‘Baby Driver’ offers high-octane action and entertainment

Can Edgar Wright do any wrong?

His run of films this century already some that people consider some of the best, especially his teaming with Simon Pegg and Frost films Shaun of the Dead (2004) and Hot Fuzz (2007, my personal favorite) as well as the inventive comic-book adaptation of Scott Pilgrim vs. The World (2010).

Baby Driver is only his second deviation from the Pegg/ Frost team that put him on the map and arguably one o this best outings since Hot Fuzz. I cannot think of a director who can meld fast-paced humor with fast-paced storytelling so cohesively like Wright, but Baby Driver sacrifices the humor in turn for fast cars. Don’t get me wrong, the movie still has some good laughs (there is one joke about Michael Meyers Halloween masks that I severely wish they did not spoil in the trailers), but I wouldn’t classify Baby Driver as a comedy on the levels of Shaun of the Dead or Hot Fuzz.

The movie is about Baby (played by YA hero, Ansel Elgort) who drives for a crime syndicate masterminded by Kevin Spacey. Due to an accident when he was young, he constantly listens to loops of pop music on his many iPods. Baby is doing this to pay off a debt he owes, but soon realizes that this life isn’t particularly easy to escape. This becomes more hurtful when Baby falls for a waitress in the local diner off the Atlanta highway, Debora (Lily James).

Jon Hamm, Eliza Gonzalez, and Jamie Foxx all contribute as heavies to the story and each one seems to be having a ton of fun with their role. Especially Hamm, who continually defies logic in the third act.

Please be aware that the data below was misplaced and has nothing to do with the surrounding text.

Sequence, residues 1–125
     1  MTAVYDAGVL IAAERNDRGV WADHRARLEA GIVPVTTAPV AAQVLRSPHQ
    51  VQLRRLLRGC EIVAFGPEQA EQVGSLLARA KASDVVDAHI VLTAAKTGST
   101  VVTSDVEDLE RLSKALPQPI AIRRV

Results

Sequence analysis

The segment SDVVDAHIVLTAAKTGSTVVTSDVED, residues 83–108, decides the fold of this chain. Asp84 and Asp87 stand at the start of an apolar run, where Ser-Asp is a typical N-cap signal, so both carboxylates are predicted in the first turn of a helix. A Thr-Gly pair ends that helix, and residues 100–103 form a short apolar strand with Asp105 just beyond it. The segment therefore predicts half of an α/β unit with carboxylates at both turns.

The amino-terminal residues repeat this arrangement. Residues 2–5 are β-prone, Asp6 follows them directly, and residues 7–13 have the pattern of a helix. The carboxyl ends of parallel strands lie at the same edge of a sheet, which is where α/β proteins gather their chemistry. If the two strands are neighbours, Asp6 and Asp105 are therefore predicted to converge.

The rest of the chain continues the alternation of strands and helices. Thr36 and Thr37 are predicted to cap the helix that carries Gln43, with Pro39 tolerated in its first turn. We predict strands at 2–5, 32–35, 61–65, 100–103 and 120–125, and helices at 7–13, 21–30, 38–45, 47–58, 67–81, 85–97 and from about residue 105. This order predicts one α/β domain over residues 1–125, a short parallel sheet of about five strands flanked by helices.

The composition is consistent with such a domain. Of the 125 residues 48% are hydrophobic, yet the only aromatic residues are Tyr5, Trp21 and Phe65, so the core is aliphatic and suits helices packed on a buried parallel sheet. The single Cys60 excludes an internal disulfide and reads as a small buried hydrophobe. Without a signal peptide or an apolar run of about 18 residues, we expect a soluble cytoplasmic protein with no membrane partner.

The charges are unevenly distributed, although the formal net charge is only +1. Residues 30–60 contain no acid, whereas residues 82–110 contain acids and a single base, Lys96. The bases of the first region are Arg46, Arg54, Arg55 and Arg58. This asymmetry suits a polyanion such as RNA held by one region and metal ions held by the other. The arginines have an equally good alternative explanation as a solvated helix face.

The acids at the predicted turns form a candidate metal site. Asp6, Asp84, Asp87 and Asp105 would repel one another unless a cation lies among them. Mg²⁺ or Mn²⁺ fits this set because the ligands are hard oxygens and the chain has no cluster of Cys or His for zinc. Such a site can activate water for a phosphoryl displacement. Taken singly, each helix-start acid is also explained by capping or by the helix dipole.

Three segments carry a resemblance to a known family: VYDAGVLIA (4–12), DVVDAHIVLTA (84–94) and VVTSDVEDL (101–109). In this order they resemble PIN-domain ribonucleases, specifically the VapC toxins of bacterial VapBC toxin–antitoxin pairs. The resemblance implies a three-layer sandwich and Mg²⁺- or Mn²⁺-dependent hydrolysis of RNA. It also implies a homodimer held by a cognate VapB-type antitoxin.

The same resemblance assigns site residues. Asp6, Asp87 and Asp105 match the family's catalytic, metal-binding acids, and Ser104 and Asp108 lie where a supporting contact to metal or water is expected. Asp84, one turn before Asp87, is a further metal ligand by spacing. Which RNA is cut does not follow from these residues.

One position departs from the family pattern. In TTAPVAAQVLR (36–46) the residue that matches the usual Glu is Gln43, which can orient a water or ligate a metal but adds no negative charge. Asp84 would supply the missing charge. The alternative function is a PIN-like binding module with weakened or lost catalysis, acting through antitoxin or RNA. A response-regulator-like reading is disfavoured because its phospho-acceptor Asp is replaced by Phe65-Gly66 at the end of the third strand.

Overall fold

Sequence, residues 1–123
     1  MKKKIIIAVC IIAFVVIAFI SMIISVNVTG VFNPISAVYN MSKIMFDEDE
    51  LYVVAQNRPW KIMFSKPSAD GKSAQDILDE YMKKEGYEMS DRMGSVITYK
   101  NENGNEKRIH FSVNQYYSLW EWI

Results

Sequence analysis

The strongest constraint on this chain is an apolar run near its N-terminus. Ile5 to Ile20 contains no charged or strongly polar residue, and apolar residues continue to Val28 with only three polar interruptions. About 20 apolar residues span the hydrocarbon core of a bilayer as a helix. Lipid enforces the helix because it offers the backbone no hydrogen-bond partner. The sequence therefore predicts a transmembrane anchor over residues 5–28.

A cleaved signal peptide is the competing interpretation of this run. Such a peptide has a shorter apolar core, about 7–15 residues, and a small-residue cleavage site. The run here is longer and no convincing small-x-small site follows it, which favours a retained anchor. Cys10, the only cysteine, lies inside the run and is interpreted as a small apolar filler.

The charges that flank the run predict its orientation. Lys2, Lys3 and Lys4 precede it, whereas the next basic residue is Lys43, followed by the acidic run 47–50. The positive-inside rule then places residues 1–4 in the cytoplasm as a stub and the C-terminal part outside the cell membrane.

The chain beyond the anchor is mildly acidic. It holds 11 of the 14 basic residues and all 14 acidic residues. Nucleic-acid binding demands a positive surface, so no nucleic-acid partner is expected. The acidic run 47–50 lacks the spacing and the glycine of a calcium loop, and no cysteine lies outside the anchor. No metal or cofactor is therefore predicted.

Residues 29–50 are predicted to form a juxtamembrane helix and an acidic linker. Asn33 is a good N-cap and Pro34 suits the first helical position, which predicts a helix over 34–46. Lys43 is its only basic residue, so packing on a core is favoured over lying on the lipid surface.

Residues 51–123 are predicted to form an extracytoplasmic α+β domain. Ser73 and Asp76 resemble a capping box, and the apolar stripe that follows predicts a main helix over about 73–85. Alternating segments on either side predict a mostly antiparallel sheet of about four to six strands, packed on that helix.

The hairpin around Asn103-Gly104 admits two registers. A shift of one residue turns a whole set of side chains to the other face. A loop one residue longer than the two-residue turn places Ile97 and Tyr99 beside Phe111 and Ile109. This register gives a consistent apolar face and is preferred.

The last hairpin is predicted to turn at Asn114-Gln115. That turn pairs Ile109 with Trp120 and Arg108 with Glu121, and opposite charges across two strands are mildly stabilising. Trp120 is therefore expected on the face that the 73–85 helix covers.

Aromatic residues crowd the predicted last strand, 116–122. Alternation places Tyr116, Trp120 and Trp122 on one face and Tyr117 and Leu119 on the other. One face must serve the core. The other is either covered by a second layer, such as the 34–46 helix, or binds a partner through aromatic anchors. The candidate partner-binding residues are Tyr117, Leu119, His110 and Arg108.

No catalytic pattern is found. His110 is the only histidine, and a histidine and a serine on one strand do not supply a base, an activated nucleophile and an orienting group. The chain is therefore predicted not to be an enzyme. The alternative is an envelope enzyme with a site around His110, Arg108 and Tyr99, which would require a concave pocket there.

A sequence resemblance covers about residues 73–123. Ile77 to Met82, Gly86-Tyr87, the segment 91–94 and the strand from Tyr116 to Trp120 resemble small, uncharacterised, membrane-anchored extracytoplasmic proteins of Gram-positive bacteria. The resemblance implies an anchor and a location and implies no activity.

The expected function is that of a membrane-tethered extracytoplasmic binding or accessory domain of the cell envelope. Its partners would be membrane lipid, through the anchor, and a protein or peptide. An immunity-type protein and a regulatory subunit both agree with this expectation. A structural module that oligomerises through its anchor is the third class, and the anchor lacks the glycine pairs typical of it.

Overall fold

The plot revels in B-movie goo and seeks to know how far it can push those boundaries with modern day money and technology. It is the classic story of a troubled-past-boy-meets-girl-doesn’t-want-girl-harmed romance. Baby Driver elevates this story with fantastical car chases that take on a near-Blues Brothers level of ridiculousness.

Wright also hits the right tones when it comes to the music he chooses. I recall reading years ago the difference between how Martin Scorsese uses music and how David O. Russell uses music in each of their respective movies. I’d like to throw Wright into this conversation. The article stated that Scorsese accompanies his music with the movie, while Russell has his players move with the music, as if they know what is playing in non-diegetic world.

Wright has found a way to synthesize both. There is a scene in the movie that highlights this perfectly: as Baby needs music for getaway chases, he chooses “Neat Neat Neat” by The Damned and must make the whole getaway around this soundtrack. When it goes a tad awry, Wright starts the song over and even rewinds the song the way we would on an iPod. This is a talent that no other filmmaker has and a style that is all Wright’s own.

Baby Driver would be most interesting on a double-bill with 2011’s Drive. Both feature startling action and great car chases, but with very different purposes. Nicolas Winding Refn’s picture featured a more subdued, quiet tone, whereas Wright is looking for the utmost thrills.

 

Tags: , , , , , , , , , , , , , , , , , , , , , ,

Leave a Reply

Your email address will not be published. Required fields are marked *